Changing of the Guard
Alright, so this blog is definitely late, and there is no good excuse for it. Last week, when I heard that John Hughes had died, I was suddenly shocked again. There have been more than the fair share of summer surprises, the standout being Michael Jackson, but even those didn't seem to bother me as much as this one. And the funny thing is that the bothering has happened so gradually that, at most points, I thought I'd forgotten. But here it is, a week later, and I still feel sad about the passing of John Hughes.
According to his IMDB page (which can be found here) interest in his work is up 237,300% from last week; as is always the case, great work is usually only recognized when death is involved. I'm sure most people were as surprised as me to see his full body of work for the first time in a while. I won't recount all of them here, but suffice it to say that pretty much everything he wrote or directed (or both) turned to 1980s pure gold. Unlike the rest of the 80s, though Hughes' work was anything but cheesy and opulent. In fact it was the opposite. It was thoughtful and real and emotional and it had that rare ability to define a generation.
I feel sorry for anyone my age (26) who has managed to make it this far in life and not see one of his movies. That's unfathomable to me. If you've managed to become an adult without the influence of John Hughes, then it's easy to disregard his influence on film and culture. For me, though, he was a huge part of my formative years. I thought I pretty much was Molly Ringwald, until I graduated high school and had neither a Blane nor a Duckie, but at least I managed to escape without wearing that hideous prom dress. I can't lie, there were times I wished that we had a Saturday detention, not because I actually would have skipped class to go shopping, or done anything against school conduct, but because deep down I would have hoped that Saturday would have ended like Ally Sheedy's, with a stolen varsity letter from the hottest jock in school. I know this all sounds ridiculous now, I mean coming from someone who has a job and a car and an apartment and is generally a well adjusted member of society. But in all honesty, a part of me thinks John Hughes invented, and helped me to define, what "teenager" meant. The Breakfast Club was the first movie I ever memorized almost every line to. Watch it with me today, if you dare, and I'll prove it.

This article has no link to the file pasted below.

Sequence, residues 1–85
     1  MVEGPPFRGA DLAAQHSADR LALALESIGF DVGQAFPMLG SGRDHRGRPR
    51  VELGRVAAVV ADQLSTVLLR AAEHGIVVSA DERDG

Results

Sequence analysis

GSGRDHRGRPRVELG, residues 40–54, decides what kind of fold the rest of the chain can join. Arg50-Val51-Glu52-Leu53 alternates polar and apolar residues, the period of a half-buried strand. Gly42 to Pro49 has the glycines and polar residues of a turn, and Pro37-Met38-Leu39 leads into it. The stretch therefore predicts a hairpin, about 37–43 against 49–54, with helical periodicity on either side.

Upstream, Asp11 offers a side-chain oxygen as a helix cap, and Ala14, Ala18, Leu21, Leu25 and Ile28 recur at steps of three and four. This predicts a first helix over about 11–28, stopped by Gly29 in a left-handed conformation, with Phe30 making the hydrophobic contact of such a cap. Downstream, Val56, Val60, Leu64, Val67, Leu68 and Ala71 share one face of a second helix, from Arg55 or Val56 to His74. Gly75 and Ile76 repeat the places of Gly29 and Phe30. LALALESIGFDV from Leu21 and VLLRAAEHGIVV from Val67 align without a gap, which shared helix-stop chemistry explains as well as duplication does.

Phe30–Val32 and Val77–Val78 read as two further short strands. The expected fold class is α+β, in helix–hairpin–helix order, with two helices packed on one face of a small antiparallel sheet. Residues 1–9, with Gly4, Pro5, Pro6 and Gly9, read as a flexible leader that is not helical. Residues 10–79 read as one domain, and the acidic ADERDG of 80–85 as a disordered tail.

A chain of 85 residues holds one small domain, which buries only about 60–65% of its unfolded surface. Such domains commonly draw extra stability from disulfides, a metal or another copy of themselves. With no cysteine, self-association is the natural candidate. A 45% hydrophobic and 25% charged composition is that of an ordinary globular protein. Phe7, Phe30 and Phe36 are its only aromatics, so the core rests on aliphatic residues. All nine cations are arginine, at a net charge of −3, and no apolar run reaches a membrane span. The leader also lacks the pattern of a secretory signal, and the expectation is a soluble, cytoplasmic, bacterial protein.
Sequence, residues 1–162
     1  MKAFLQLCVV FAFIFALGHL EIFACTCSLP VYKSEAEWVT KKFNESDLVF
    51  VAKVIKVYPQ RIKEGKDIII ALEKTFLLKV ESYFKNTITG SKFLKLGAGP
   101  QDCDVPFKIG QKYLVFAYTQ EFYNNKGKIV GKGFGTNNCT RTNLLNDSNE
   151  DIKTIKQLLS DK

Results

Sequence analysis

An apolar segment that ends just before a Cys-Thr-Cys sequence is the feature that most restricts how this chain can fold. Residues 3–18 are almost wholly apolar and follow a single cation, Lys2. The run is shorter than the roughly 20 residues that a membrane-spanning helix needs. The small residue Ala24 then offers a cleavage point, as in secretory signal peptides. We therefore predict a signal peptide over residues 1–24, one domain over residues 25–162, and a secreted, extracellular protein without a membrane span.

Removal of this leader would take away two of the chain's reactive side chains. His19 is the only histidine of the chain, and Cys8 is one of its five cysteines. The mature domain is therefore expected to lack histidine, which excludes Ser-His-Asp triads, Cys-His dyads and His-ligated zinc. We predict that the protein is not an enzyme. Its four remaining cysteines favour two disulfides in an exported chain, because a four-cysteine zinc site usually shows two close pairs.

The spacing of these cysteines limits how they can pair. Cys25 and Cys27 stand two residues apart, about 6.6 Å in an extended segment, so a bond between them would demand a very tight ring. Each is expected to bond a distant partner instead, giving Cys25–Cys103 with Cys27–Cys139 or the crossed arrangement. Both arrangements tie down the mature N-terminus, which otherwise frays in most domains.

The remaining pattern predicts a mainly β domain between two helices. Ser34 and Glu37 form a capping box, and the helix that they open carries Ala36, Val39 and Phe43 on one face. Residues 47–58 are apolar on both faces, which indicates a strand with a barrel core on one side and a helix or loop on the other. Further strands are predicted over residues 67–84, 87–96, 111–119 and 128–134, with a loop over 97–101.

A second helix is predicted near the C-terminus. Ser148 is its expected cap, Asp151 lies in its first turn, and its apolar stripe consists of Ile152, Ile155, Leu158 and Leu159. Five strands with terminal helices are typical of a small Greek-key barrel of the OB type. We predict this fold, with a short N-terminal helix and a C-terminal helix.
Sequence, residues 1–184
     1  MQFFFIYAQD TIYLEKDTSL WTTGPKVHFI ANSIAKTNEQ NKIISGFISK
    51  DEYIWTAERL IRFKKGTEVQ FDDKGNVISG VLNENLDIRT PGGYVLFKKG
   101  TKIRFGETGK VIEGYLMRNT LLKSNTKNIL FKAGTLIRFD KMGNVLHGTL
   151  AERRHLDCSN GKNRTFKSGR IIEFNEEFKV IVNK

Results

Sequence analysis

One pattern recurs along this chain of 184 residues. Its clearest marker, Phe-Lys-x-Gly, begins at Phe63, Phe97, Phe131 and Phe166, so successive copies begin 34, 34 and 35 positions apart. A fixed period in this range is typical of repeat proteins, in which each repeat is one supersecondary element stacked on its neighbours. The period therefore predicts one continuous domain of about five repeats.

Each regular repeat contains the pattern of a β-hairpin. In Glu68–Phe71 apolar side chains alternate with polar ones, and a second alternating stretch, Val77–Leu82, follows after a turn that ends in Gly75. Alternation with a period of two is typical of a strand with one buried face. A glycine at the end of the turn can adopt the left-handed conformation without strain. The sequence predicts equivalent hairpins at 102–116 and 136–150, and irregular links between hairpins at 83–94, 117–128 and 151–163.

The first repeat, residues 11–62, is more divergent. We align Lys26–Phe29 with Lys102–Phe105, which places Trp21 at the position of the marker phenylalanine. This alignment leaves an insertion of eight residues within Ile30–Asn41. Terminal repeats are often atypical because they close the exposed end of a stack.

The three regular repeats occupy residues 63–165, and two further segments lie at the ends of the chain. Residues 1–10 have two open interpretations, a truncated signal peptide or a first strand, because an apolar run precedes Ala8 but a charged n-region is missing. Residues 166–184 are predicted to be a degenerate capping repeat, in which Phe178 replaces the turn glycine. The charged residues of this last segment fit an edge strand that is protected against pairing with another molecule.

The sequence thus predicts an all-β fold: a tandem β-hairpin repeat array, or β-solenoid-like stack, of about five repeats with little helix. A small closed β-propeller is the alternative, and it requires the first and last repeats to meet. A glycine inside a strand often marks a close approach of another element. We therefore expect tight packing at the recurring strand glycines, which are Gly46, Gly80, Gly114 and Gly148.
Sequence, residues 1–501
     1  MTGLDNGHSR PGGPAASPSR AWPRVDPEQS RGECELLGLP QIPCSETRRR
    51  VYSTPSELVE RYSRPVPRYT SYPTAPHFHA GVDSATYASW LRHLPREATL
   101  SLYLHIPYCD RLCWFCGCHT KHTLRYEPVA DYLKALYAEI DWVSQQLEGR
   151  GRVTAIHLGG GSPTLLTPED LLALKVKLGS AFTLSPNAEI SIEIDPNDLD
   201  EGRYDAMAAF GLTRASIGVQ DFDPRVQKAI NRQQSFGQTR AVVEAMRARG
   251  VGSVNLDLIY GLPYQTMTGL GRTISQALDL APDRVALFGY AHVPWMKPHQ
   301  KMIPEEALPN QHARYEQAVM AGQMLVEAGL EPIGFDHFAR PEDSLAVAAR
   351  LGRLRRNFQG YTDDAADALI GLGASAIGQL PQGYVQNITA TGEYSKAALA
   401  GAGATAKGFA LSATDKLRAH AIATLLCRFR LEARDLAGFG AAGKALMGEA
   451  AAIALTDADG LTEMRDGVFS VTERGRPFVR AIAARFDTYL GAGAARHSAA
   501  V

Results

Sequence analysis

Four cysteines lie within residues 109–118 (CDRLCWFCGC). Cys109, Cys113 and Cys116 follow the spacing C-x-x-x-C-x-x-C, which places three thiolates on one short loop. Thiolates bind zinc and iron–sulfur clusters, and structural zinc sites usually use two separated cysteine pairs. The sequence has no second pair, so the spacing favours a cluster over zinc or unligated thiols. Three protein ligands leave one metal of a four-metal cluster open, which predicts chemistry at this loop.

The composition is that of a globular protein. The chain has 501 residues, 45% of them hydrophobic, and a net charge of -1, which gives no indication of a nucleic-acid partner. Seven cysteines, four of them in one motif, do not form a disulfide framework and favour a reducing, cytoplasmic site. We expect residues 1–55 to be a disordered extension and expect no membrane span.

He managed to be the voice of a generation while speaking softly and carrying a big notebook. He was cool for the geeks and the weirdos and the basketcases, without judging the popular kids and the jocks. He managed to define categories without pigeon holing his characters and never, ever would you step away from one of his films without feeling like a happier person for having seen it.
Directors of most teen or generational films will cite Hughes as an influence, but none have ever and none will ever be able to replace what's been lost. I think that's mostly because I don't know that heart counts as much these days in Hollywood. I'm not even sure John Hughes' films would be made today. There was too much truth and too much dialogue for most studios to handle these days. I mean essentially, The Breakfast Club is one long brainstorming session. There aren't any robots blowing things up, no CGI effects, no hip-hop cross-cutting montage (although there is that rockin' dance sequence) but nothing to make it standout as THE BEST anything movie. Except that if you're 15 and watching it for the first time, you probably got it. You were one of those people, or all of those people, and if nothing else, you came out of it knowing that you weren't ever the only one to feel like that or to think those thoughts.
Whatever it was about John Hughes, I'll miss that now. He wasn't perfect and his films weren't all inclusive, but, selfishly perhaps, they spoke to me. I'm tempted to go through his entire filmography one by one, just to hear those great lines and remember how adorable Michael Schoeffling was (there will never be another character to compare to Jake Ryan, no matter what anyone says), or to remember when John Cusack was that guy that was The Geek's friend, but mostly to remember what a talent and what a wit has left us this summer. Clearly if John Hughes was a religion, I would be one of his disciples, but that's just because I was a teenage girl once too. So I've babbled enough, but as always, it's good to know I'm not the only one out there who feels this way. Below are links to Roger Ebert's rememberance and the trailer for a film that may or may not be released in theaters, but I'd love to see anyway, about searching for the elusive Mr. Hughes. Towards the end he may have always been something of a question, but maybe that's because he had already given us most of the answers. So thank you John Hughes, for making those years of my life a little bit more bearable.
Roger Ebert's "In Memory"
and finally, a note from my teen alter-ego, Molly Ringwald on what Hughes meant to her, can be found HERE